How to Get Rid of Moss in Lawn Organically
Moss is one of the most persistent lawn problems. It seems to grow anywhere it can find a foothold, and even worse, it spreads quickly from plant to plant. No matter what you do, moss will keep coming back unless you have some severe chemical intervention or are willing to put in a lot of time pulling out every single strand by hand. But there’s an easier way!
Moss hates direct sunlight, so all you need to do is cover your entire yard with tarps for about two weeks-no chemicals necessary! After that, the sun will cook the moss until it turns brown and crumbles away into dust. To know more methods on how to get rid of moss in lawn organically, read this full blog post.
10 Organic Ways: How to Get Rid of Moss in Lawn Organically
Moss and algae love to spread all over your lawn, taking up precious space and making it look dull and uninviting. The good news is that the following ten simple tricks will help you on how to get rid of moss in lawn organically and keep moss out of your property for good!
Vinegar is one of the most powerful tools you can use around your house to combat moss. The acidity kills the little green guys instantly, but over time it promotes a healthy growing environment that won’t allow them to spread across your lawn. Just pour it right into a spray bottle and spritz! Or dilute some in a watering can and water your lawn with it.
2) Boiling water:
When you boil water, not only do you create steam that can help kill moss spores, but the boiling process also destroys the spores on contact. This is why people use steam cleaners to clean tiles. Spray some boiled water all over the mossy area of your lawn, making sure it gets into all the nooks and crannies.
Like vinegar, salt is an acid that kills moss spores instantly, but it can also slowly eat away at the roots of the evil little guys too. Be generous! The more you use, the better chance you have of killing the moss.
Ammonia works similarly to salt in that it is an acid that kills moss spores on contact. You can mix in some water if you want, but you should generally use straight-up ammonia with no dilution.
5) Diatomaceous Earth:
You can buy diatomaceous earth at most gardening stores, and the best thing about it is that it kills moss by dehydrating their slimy bodies slowly. So just spread some around the affected area of your lawn, but note that you have to reapply after it rains.
6) Direct Sunlight:
Sunlight is a better moss killer than you might think. Over time, the intense rays of sunlight help toast and kill the spores that cause grassy patches to form. The best way to use sunlight as a natural deterrent is by planting trees or bushes in place of your moss-infested lawn space.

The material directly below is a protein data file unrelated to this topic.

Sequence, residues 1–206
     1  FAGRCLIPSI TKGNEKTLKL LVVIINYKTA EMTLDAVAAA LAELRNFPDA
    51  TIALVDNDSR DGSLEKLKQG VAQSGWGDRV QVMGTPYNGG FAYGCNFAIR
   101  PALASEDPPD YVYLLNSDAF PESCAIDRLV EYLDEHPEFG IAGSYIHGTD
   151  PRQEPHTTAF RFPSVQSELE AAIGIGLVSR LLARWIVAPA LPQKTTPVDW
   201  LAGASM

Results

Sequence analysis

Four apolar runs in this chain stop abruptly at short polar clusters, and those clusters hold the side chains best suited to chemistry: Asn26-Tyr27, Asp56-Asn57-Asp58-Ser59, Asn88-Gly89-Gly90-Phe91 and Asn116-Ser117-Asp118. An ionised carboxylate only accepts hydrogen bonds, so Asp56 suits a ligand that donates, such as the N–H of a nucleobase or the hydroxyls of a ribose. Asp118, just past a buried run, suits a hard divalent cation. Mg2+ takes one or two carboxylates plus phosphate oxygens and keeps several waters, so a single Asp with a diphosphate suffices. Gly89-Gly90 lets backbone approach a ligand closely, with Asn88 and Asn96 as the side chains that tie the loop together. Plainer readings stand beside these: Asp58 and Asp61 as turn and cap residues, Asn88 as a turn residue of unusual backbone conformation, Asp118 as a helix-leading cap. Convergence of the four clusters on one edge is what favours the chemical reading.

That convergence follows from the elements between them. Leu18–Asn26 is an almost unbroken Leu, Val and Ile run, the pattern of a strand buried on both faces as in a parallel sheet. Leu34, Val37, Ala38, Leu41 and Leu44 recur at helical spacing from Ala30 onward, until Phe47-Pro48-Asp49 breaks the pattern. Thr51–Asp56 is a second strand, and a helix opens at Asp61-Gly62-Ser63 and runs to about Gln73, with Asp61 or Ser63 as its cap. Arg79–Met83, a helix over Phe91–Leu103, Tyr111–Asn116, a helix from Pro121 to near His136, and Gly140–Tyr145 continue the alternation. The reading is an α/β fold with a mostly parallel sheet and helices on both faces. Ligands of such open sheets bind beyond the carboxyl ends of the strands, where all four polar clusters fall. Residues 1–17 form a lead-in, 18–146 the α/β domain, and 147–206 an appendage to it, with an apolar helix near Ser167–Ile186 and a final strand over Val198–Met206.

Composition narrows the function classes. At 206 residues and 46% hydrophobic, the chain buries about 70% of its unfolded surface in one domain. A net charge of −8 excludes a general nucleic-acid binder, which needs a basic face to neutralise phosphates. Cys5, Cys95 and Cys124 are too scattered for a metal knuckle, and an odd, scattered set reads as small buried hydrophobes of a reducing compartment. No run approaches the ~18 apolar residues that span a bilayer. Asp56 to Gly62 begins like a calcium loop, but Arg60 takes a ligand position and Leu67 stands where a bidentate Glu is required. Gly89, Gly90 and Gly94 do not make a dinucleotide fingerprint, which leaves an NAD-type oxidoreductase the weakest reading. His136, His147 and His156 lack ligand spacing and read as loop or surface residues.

Bleach does not kill the moss in your lawn, but it can help prevent its growth. If you’re using bleach for this purpose, mix one-part bleach with nine parts water and scrub the toxic solution into the affected areas of your lawn.
8) Corn Gluten Meal:
Corn gluten meal is a pre-emergent herbicide that prevents moss spores from ever taking root in your yard. Just spread it around the affected areas of your lawn, and you should notice a decrease in moss growth within 20-30 days.
9) Chemical Sprays:
If all else fails, you can always turn to chemical sprays for help. However, be aware that these products can be pricey, and if you want to buy a commercial option that works well, your best bet is to purchase a bottle of moss-killing spray from your local gardening store.
10) Professional Cleanup:
Last but not least, you can always hire a professional to come and clean up all that pesky moss from your lawn. Just be aware that the cost might run into the hundreds!
Note: Make sure to keep your grass healthy at all times with a consistent watering routine, as this will make it much easier for you to get rid of moss once and for all.
Tips on How You Can Prevent More Moss From Growing in the Future:
1. Reduce irrigation or water your lawn at infrequent intervals so the grass doesn’t stay too wet for too long; this encourages moss growth.
2. Increase soil acidity by applying nitrogen fertilizers with sulfur in them, using aluminum sulfate or iron sulfate as a side-dress, or adding pine needles to the top layer of soil when you are raking up leaves in the fall.
3. Improve drainage by aerating your lawn, which will allow water to flow through it more efficiently and remove excess moisture in the soil that causes moss growth.
4. Keep your lawn as short as possible without scalping it using a reel mower, which does not leave the brown stubs that contribute to moss growth.
5. Do not use weed killer because it kills all plants and encourages moss growth if the grass dies back.
6. If you put down a layer of bark or wood chips around your trees, make sure it is an acidic variety to keep the pH in the acidic range.
The article has provided you with many different methods on how to get rid of moss in lawn organically. If your lawn is already covered in it, don’t fret! There are some easy ways to get rid of the problem, just like I did by using baking soda and vinegar. You can also try out organic pesticides or herbicides that may be more appropriate for your situation.
For those who want to prevent future problems, there are also a few tips on how you can do so as well-such as watering less often during fall/winter months when moss likes to grow best or applying fertilizer correctly. Hopefully, with these simple tricks up your sleeve, we won’t see any more cases of this green monster taking over your yards anytime soon!